By the end of the project, PARASOL hope to provide recommendations on how to preserve anthelmintic efficacy and clear guidance and protocols for sustainable, low-input, user- and consumer friendly farm plans on nematode control. PARASOL scientists are also working towards a computerised decision support system for identifying those animals that require treatment. It is hoped that these strategies will then be relayed to farmers, veterinarians, advisors and trained animal health technicians throughout participating countries. Ultimately, the idea is to incorporate them into larger “farm-to-fork” production schemes.

The emergence of multiple anthelmintic resistance has also provided a spur for research on alternative forms of control, prompting the search for new anthelmintics by the major veterinary pharmaceutical companies. This has resulted in the discovery of the first new anthelmintic class for 25 years, the amino acetonitrile derivatives or AADs (monepantel). This compound, marketed as Zolvix® (Novartis Animal Health) has recently been launched onto the market in New Zealand for worm control in sheep. Zolvix® will probably be launched in the UK/Europe in the not too distant future.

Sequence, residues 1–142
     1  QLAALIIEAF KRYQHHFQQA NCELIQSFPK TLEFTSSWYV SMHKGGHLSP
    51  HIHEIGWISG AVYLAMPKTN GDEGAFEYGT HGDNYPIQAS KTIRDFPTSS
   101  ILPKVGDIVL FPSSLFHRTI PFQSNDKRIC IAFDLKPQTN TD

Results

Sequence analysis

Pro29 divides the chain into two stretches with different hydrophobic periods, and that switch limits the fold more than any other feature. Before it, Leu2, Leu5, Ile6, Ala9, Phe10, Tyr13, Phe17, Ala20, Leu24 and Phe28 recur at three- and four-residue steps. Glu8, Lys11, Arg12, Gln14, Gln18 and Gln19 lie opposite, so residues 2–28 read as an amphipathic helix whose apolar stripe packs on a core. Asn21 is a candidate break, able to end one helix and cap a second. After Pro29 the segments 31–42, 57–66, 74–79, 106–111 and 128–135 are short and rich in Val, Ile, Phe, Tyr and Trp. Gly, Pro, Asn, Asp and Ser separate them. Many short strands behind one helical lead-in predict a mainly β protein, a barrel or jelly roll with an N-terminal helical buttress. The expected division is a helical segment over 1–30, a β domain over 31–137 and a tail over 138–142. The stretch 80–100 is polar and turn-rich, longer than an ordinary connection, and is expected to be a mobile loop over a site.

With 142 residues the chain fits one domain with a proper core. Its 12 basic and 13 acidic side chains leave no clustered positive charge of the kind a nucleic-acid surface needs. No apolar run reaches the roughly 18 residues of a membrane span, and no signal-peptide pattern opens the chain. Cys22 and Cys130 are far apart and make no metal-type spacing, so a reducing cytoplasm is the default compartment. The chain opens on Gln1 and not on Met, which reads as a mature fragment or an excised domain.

However, even with a new class of wormer in hand, anthelmintic resistance is not likely to go away. It is imperative, therefore, that we preserve the active life of the currently available anthelmintics but also learn the lessons of the past and make best use of any new products which may reach the market. In this way, we will maintain a basket of options for sustainable parasite control in the future.

The author would like to acknowledge Dr Philip Skuce, Moredun Research Institute, for his help in writing this article.

June 2009